erry Odom has reserved a public meeting room in the back of the Greenville library for one o'clock. Almost as soon as I walk in, a gentleman in a white hat and long white beard hands me a copy of a skinny tabloid entitled The Truth (second "T" in the shape of a cross) and hits me up for a one-dollar donation.
In the back of the room, Terry hangs red, white, and blue bunting on a long table displaying various pieces of literature, including the Phyllis Schlafly Report on immigration. Eventually a crowd of fifty settles into their seats.
The meeting begins with an invocation delivered by the minister of the Odoms' Baptist church. An older gentleman with gleaming white hair, the preacher starts out behind the lectern. But as he warms to the crowd he moves out to the side, hooks his left thumb into his belt, picks up his Bible, and holds it in the air. "Where do you go in the Bible to substantiate an argument on immigration?" he asks. "Well, I believe Jesus states it well when he states, 'I am the good shepherd. I am the door of the sheep. The sheep know my voice and I know their voice, and they enter in and out and have good pasture.' Amen! But if any man tries to enter in another way, some way he feels like is better than what God says, then he is nothing short of a thief and a robber. A lot of people are not going to heaven when they die, because they said 'phooey' to what Jesus said."
The keynote address is by James M. Staudenraus, eastern regional field director for FAIR. Staudenraus is a tall, personable man with a wholesome, all-American face and blond hair, wearing a blue blazer with an American flag pin in the lapel. When I met him a few minutes earlier to ask for an interview, he gave me a booklet detailing the organization's environmental arguments and told me his speech would answer most of my questions. But the message he's delivering now doesn't have a word in it about the environment. Instead, he tells us he's going to "connect the dots" between illegal immigration and September 11 -- "because there's a very, very clear connection."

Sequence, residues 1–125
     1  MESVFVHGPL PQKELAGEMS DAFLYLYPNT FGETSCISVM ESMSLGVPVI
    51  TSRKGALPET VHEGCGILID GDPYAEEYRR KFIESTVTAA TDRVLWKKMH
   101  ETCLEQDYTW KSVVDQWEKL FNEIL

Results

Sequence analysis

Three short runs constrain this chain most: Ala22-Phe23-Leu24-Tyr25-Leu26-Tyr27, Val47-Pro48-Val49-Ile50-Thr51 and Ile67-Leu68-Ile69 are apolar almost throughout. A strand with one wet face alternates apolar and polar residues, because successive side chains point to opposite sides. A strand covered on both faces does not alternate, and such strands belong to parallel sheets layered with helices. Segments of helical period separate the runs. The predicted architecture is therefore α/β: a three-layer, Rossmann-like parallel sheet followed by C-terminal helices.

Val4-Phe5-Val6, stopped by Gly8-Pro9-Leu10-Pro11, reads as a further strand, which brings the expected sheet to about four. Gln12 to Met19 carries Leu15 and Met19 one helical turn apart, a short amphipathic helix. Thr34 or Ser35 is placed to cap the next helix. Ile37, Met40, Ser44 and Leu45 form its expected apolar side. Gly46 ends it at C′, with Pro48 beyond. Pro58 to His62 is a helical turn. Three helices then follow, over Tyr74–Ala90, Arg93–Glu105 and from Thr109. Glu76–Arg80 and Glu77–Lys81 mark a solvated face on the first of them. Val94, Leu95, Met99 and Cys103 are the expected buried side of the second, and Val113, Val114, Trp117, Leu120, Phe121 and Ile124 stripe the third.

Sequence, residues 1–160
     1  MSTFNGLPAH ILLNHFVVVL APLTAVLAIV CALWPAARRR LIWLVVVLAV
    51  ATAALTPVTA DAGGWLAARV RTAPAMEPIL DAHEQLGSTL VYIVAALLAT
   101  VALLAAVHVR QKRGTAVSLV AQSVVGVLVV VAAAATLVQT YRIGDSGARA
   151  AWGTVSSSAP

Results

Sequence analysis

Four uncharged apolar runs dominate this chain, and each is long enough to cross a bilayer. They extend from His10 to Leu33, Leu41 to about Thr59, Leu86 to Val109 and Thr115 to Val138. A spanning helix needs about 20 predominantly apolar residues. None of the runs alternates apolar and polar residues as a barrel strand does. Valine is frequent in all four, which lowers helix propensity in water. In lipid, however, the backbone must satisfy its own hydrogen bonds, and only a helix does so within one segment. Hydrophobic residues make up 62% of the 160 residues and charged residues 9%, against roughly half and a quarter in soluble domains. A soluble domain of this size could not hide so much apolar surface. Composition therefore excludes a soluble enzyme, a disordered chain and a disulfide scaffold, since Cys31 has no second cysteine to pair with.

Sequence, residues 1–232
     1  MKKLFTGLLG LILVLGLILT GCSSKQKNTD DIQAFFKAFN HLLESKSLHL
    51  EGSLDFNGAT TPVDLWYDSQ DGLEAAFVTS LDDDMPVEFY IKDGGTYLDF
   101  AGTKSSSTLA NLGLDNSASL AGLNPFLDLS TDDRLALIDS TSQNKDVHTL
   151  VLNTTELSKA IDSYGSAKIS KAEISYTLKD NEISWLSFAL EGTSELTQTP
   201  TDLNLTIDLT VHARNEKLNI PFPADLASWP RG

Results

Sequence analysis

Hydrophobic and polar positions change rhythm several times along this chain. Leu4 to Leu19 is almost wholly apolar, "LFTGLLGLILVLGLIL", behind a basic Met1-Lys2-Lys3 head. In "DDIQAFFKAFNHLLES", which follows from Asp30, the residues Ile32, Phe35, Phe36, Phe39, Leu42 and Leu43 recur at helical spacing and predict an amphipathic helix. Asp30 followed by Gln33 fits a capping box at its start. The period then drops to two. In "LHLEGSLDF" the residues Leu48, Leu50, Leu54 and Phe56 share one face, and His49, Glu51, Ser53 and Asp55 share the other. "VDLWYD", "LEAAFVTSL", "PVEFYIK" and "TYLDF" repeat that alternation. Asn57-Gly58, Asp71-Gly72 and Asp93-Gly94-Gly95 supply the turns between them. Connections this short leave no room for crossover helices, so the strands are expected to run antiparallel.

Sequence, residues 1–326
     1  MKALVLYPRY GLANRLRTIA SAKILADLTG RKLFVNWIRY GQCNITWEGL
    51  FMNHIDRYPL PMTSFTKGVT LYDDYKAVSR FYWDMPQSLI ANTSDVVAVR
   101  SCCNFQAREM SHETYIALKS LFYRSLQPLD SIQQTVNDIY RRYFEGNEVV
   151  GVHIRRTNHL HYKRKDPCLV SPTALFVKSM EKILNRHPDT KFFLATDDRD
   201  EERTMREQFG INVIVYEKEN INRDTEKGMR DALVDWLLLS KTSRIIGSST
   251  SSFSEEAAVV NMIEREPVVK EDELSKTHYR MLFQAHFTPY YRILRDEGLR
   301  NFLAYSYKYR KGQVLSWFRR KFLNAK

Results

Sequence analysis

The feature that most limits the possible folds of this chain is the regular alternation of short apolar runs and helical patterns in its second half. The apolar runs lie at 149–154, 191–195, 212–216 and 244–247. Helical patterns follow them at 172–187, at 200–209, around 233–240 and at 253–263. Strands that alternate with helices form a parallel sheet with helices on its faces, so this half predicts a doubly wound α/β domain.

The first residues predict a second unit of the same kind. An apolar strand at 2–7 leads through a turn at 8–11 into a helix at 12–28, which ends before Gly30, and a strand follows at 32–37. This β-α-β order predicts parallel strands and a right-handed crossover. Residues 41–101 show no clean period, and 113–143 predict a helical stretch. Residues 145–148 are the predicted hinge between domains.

Among the topics Staudenraus covers: INS incompetence; how globalism, GATT, and NAFTA encourage the flow of cheap immigrant labor to serve the needs of big business; and the "bilingual education racket," a business that "depends on a whole bunch of people coming to this country who don't speak a word of English." Then he turns his attention to the media. "Blinded by their obsession with diversity," he explains, "the news media viciously attack us in the immigration reform movement.
"Let me tell you the thermonuclear response the next time someone calls you a racist," he continues. "You ask them this question: 'Are you saying a person's race gives them the right to come to our country and break our laws?' They'll slink out of the room like you just took their spine out." The audience claps, and Staudenraus is stirred by the applause. "That's exactly what they're saying," he emphasizes. "If a person breaks the law and he's not white like you" -- he is apparently oblivious to the lone African-American in the audience -- "you have to just let that happen." Then comes the finale: September 11 has changed the immigration debate. "In the wake of the terrorist attacks," Staudenraus tells us, "I think that more Americans understand what you do -- that our immigration system is completely broken. Three thousand people were murdered, and all of a sudden we can talk about why."
One of the few mostly coherent, consistent speakers is Mark Thies, a Clemson University professor of chemical engineering whom Terry has billed as the environment expert. Thies, a wiry, intelligent man wearing a polo shirt, is a longtime member of the Sierra Club and an enthusiastic whitewater canoer. His genuine concerns are forest fragmentation and sprawl. Halfway through, however, he abruptly switches to the growth of state elementary school programs for students for whom English is a second language.
After the rally, some of us adjourn to Prime Sirloin, a huge cafeteria with an all-you-can-eat buffet for $7.99. The talk of immigration is generously interlaced with bits and pieces about the Confederate flag, abortion, states' rights, property rights, Pat Buchanan, and George W. Bush's betrayal of America.